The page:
Mike Fox said...

Wow! 77 pints is amazing! I believe I'm up to 14. I was a regular donor over the past two years (I got my "Champions For Life" last year), however, my schedule - running, work and kids - all got in the way since I was scheduled to hit the blood bank in September. I was hoping to get back this week or next week.

I've also been contemplating doing a Platelets donation to see if it would impact my running less. The whole blood donations seems to make my HR during my runs skyrocket for about a week after the donation and it takes me a good three weeks to get back to "normal". Unfortunately, the Platelets donations takes more time (there's that schedule thing again) and is at a donation center further away.

Anyhow, I hope you can control the high BP for a multitude of reasons (giving blood being one of them of course...)

Susan said...

Well... you tried!

NC Kate said...

Hi Peter - I've been lurking around here for several months now. Just wanted to submit that I've been turned away by the Red Cross several times for having low iron, and I always have that scarlet letter feeling on the way out! It makes me want to tell all the other donors that I really don't have AIDS or any of the many other disqualifying maladies!

Joe the Novelist said...

My disqualification has been that I've travelled outside the U.S. So, I've given up trying to donate blood.

Just_because_today said...

when I was very young and stupid (now I am just NOT young)I tried to donate without knowing anything about anything. I kind of forgot to mention that I had hepatitis so when they heard the H word, they rushed me out the door, told me never come back and sent me a letter home just in case I didn't understand the verbal warning.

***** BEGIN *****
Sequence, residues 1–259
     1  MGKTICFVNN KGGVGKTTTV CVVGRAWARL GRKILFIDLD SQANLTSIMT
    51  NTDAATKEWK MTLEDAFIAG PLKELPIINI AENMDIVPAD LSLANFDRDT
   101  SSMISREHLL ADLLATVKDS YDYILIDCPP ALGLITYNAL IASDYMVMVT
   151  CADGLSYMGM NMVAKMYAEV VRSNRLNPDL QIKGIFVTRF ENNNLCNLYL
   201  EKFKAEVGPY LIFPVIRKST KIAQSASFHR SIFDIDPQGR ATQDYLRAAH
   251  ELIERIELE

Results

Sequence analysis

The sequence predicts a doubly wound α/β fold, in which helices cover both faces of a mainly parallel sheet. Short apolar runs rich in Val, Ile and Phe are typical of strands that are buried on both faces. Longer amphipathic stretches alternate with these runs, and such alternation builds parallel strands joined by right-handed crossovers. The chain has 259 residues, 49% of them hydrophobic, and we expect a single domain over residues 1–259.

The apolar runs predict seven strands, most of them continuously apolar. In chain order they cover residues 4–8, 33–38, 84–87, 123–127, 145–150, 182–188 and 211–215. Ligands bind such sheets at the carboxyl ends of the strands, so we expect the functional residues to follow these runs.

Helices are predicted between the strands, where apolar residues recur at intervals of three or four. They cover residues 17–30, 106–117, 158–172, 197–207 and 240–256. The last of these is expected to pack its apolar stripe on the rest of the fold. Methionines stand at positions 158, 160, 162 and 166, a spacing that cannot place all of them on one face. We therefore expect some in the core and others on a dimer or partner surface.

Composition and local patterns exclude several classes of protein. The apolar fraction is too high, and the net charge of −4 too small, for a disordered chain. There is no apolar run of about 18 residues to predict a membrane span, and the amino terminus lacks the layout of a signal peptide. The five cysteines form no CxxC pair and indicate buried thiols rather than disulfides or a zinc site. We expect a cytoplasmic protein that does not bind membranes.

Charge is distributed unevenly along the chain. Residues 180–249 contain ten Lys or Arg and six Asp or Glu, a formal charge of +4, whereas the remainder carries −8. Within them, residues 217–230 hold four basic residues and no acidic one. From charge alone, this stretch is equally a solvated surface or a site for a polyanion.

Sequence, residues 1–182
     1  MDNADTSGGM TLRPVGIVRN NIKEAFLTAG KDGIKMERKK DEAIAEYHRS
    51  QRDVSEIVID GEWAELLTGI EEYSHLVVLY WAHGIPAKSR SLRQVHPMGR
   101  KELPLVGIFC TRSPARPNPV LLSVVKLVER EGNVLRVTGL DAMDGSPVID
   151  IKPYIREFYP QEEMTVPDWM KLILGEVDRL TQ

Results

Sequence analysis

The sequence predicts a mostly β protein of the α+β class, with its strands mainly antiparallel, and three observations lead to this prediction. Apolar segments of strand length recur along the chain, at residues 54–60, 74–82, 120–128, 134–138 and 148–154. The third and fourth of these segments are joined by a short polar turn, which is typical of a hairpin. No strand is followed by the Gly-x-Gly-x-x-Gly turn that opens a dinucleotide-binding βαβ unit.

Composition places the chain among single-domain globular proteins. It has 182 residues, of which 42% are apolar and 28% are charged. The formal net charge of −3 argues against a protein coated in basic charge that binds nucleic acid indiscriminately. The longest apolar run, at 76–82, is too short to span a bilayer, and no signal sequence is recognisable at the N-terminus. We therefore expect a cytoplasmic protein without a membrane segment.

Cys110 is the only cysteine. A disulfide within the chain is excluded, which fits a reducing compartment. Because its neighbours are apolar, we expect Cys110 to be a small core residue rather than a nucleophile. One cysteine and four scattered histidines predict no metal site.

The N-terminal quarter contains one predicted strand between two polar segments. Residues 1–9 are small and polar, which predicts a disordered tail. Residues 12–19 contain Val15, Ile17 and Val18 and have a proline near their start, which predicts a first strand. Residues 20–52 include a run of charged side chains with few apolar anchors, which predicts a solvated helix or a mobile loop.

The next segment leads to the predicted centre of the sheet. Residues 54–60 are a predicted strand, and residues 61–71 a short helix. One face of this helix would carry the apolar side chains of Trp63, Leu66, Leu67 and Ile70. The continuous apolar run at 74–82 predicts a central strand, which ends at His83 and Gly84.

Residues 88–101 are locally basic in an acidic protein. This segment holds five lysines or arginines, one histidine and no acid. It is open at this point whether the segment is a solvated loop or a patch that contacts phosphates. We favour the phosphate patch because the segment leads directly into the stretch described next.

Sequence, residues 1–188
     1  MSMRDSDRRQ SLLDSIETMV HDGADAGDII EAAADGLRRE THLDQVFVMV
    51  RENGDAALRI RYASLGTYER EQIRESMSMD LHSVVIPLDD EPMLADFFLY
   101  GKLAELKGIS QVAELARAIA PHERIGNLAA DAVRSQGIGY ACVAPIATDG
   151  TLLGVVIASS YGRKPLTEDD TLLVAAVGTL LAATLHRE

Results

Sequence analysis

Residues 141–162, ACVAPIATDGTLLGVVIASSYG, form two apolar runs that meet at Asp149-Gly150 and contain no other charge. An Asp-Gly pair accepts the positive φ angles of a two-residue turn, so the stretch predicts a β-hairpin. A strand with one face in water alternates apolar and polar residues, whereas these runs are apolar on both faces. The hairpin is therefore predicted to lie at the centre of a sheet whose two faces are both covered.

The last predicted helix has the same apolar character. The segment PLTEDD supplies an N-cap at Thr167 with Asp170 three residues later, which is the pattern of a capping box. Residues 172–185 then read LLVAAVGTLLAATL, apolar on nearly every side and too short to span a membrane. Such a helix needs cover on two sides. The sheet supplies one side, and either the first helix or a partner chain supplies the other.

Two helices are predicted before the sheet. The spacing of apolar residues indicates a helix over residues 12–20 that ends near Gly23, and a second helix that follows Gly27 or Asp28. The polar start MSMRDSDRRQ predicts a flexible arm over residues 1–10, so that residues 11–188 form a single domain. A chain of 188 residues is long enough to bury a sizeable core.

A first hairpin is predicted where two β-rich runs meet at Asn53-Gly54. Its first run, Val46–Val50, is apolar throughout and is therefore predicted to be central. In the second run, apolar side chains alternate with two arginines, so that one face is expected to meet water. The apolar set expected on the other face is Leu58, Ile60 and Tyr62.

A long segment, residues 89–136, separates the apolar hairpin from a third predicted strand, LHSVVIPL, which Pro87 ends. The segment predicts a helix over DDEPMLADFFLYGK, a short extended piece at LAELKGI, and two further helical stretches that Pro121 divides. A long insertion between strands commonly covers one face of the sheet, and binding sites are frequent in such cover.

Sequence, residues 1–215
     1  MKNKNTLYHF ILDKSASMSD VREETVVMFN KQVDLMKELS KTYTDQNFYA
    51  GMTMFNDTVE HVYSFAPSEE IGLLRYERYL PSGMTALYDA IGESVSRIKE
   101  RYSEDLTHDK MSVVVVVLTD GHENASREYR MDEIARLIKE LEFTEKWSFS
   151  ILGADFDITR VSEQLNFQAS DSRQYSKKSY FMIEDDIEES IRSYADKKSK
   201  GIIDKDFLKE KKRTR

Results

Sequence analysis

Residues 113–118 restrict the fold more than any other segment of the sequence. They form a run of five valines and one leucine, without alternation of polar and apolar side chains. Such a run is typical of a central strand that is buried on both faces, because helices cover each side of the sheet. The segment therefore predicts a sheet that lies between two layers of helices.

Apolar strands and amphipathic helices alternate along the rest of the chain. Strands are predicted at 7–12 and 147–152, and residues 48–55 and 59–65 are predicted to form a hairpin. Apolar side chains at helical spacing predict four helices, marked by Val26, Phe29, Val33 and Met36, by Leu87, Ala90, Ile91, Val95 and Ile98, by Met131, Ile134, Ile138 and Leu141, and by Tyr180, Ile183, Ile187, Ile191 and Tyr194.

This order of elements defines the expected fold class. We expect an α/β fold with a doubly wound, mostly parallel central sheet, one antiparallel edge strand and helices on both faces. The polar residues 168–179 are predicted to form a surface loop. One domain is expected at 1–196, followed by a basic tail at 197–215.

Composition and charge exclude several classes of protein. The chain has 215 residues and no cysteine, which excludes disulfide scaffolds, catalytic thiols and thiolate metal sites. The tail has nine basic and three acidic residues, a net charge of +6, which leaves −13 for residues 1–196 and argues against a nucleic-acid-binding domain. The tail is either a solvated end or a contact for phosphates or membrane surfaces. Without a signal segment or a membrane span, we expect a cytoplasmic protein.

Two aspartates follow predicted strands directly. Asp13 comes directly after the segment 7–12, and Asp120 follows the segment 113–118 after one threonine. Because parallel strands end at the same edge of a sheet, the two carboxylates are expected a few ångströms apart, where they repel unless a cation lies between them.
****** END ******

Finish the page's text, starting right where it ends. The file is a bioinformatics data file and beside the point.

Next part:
I really enjoyed your post! good writing to read early in the morning

Don said...

Wow I'm a little concerned about your BP. Huh.

Mine is marginally high ( e.g.140/82) when I visit the oncologist. So at her suggestion I bought an inexpensive meter and do my own BP measurements at home from time to time. Those numbers are almost always lower than the ones in the oncologist's office (no one is surprised at that!).

I wonder if you have your own cuff and if you do get lower numbers sitting at your own desk.


P.S. I'm a 2-gallon donor but now they definitely don't want my blood because of the cancer.

Sunshine said...

A couple of Google ideas...
(1)"Naturopathic - high blood pressure" ... for ideas for you to try.

(2) "American Association of Naturopathic Physicians" ... for a list of naturopathic doctors in the DC area. A visit to one would likely be informative.

Congratulations on all the blood donations. Hoping you can adjust the high blood pressure ... to keep on giving blood ... and to keep on being alive!!

Running must be beneficial! Best wishes.

skoshi said...

Hi Peter,
Been out of town and just catching up. Wanted to wish you all the best for a happy 2009.
BTW, I can't donate blood--I don't weigh enough. I'm actually a solid build and "overweight" according to the MD scale, but at 4'10" just don't have the poundage...

DawnB said...

77, outstanding!!

ShirleyPerly said...

Well, it sounds to me that you've done all you can and then some. Kudos to you for trying. I also like that new header photo you've got on your blog!